Essays in Asset Pricing and Macroeconomics
AbstractThis dissertation presents three essays. The first essay finds that investment strategies which generate “alphas” become endogenously risky by acquiring “betas” with respect to shocks that institutional arbitrageurs are exposed to. This essay provides both theoretical and empirical arguments. The second essay finds that exogenous shocks to liquidity demand cause a variation in the reward for aggregate liquidity provision. To draw this conclusion, this essay uses the daily temperature variation within the summers of the late 19th to early 20th century as a novel proxy for shocks to liquidity demand. The third essay finds that the GDP growth following an exogenous tax change that barely failed to become law is zero. This finding supports the narrative approach to the estimation of tax multipliers taken by Romer and Romer (2010).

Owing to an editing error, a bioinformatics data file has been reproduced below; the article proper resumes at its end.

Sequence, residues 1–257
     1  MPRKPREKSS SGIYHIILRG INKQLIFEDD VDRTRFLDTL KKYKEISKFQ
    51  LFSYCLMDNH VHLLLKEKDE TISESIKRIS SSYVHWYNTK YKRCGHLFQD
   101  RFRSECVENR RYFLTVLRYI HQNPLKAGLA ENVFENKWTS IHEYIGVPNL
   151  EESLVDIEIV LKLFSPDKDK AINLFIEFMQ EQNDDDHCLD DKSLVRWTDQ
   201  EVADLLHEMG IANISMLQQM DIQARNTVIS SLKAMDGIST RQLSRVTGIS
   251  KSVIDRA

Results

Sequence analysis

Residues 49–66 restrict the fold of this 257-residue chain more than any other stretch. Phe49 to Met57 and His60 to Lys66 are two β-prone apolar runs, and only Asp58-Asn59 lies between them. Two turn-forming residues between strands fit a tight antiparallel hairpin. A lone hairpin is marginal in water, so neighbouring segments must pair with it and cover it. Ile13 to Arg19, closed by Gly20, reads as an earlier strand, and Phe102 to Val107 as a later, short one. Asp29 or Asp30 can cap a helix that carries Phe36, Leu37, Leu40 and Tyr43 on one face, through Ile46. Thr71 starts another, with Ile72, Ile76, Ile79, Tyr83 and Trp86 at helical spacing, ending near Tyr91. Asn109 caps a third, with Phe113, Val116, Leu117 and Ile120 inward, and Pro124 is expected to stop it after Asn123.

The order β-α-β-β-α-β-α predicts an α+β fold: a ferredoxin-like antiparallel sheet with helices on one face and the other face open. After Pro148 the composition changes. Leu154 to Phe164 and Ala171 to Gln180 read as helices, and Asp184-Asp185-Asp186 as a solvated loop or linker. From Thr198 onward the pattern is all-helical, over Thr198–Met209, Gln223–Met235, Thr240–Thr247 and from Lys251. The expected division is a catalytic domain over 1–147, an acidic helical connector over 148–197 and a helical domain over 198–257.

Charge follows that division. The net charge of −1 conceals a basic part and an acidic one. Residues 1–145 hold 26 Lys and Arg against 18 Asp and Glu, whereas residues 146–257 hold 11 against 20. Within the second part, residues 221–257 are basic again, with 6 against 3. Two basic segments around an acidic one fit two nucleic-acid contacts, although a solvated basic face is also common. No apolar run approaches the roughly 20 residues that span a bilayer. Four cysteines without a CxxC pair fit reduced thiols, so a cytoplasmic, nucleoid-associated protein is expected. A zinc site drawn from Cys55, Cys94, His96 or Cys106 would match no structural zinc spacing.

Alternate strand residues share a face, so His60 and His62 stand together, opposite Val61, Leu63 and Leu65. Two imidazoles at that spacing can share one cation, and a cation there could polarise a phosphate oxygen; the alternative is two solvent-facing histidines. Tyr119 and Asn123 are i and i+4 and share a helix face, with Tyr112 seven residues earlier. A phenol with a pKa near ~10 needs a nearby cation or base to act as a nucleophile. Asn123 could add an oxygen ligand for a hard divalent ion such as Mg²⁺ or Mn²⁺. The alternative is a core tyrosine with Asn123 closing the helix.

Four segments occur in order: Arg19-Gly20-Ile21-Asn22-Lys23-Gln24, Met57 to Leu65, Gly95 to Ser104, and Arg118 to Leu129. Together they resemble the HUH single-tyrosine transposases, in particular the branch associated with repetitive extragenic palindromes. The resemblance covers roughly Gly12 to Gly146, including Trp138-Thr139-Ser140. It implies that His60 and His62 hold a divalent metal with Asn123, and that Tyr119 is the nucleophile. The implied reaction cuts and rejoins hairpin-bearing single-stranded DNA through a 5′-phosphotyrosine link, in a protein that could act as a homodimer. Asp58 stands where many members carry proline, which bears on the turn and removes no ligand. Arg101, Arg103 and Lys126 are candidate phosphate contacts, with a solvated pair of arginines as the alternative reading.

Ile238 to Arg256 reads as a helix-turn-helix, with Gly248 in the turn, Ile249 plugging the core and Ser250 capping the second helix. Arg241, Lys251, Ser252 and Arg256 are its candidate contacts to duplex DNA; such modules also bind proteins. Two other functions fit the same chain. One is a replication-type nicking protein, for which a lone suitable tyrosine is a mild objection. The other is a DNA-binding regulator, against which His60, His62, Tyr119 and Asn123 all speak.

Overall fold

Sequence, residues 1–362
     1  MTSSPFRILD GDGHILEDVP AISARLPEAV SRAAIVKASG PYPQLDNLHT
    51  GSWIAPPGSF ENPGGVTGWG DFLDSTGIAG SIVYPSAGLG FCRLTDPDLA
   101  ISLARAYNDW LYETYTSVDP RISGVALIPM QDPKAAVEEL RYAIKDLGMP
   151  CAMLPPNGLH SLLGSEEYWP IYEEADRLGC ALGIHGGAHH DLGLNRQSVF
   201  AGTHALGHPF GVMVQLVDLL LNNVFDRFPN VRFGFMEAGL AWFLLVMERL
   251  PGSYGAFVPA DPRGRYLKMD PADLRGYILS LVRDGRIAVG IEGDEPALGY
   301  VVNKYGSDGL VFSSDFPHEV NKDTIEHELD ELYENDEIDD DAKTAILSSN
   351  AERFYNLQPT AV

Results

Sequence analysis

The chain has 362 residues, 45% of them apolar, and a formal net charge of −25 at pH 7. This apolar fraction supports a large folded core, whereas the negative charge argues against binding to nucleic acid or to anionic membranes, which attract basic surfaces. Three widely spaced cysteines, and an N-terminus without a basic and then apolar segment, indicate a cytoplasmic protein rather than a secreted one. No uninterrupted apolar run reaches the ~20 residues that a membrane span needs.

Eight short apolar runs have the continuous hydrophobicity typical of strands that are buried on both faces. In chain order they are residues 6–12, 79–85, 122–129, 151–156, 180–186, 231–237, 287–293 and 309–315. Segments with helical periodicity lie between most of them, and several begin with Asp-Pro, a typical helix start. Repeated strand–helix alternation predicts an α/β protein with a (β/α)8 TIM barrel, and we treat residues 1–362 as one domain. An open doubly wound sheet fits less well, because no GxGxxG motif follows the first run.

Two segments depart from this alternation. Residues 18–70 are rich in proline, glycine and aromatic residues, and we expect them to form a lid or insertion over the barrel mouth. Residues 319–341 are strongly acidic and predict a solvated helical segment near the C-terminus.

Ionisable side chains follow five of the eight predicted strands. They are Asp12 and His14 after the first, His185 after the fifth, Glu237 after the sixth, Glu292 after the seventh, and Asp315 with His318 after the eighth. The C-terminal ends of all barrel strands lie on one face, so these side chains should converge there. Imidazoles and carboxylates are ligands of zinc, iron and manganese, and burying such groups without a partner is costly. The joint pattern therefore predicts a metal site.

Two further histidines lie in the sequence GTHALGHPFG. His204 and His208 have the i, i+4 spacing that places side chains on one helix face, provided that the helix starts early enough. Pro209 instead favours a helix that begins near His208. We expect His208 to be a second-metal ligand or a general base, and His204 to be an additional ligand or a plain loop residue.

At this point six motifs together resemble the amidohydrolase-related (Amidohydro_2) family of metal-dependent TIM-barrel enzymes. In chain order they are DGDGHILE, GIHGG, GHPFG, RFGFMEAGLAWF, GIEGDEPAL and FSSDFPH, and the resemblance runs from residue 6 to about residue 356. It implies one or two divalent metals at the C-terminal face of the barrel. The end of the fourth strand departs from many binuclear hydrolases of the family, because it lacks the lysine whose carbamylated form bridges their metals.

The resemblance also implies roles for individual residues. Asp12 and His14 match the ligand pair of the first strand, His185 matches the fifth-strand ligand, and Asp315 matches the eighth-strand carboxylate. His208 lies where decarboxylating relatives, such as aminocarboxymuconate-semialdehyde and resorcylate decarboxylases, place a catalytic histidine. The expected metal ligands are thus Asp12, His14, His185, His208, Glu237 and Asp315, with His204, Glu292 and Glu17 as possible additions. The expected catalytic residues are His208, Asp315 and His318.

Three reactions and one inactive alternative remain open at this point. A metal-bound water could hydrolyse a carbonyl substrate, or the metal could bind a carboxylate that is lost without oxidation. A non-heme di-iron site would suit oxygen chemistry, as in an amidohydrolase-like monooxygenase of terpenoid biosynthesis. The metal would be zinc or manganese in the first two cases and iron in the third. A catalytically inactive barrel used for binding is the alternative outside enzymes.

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- FAS Theses and Dissertations